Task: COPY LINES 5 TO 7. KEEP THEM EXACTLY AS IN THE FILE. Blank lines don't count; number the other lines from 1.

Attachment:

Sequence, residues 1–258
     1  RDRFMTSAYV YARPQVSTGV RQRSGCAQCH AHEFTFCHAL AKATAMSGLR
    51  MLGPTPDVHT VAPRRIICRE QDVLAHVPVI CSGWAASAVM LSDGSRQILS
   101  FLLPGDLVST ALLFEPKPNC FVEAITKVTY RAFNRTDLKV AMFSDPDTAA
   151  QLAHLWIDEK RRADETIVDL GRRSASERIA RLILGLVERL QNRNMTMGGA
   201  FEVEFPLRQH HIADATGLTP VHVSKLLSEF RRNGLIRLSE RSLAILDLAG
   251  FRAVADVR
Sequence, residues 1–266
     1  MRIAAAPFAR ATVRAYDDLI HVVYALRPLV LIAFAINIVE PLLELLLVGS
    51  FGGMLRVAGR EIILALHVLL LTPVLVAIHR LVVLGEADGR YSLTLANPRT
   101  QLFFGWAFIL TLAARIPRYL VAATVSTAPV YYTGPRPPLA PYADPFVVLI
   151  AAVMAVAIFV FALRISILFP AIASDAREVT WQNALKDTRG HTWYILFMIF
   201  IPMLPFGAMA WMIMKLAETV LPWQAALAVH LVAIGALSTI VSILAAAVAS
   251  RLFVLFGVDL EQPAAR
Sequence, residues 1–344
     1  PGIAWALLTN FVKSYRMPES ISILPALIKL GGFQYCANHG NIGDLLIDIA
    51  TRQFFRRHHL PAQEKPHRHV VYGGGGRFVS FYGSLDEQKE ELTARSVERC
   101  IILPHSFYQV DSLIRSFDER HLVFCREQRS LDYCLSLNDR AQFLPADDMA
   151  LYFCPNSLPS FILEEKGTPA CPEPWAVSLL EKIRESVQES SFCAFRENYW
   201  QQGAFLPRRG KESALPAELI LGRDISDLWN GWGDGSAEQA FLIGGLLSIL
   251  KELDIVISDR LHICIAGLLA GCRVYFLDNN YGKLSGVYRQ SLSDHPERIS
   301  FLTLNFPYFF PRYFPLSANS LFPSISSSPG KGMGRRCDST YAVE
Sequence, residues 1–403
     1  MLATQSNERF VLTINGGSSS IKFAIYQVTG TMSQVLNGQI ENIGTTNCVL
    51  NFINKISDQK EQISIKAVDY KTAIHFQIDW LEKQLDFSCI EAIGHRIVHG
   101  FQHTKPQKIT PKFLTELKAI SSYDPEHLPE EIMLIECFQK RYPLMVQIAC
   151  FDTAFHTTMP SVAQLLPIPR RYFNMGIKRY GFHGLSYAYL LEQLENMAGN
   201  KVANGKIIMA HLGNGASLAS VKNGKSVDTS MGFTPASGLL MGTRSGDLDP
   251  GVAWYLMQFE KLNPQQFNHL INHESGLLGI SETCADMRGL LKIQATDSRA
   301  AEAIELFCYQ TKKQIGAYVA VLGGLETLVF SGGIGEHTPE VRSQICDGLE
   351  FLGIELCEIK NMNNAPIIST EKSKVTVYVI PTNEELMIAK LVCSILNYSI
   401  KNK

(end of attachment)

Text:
   151  QLAHLWIDEK RRADETIVDL GRRSASERIA RLILGLVERL QNRNMTMGGA
   201  FEVEFPLRQH HIADATGLTP VHVSKLLSEF RRNGLIRLSE RSLAILDLAG
   251  FRAVADVR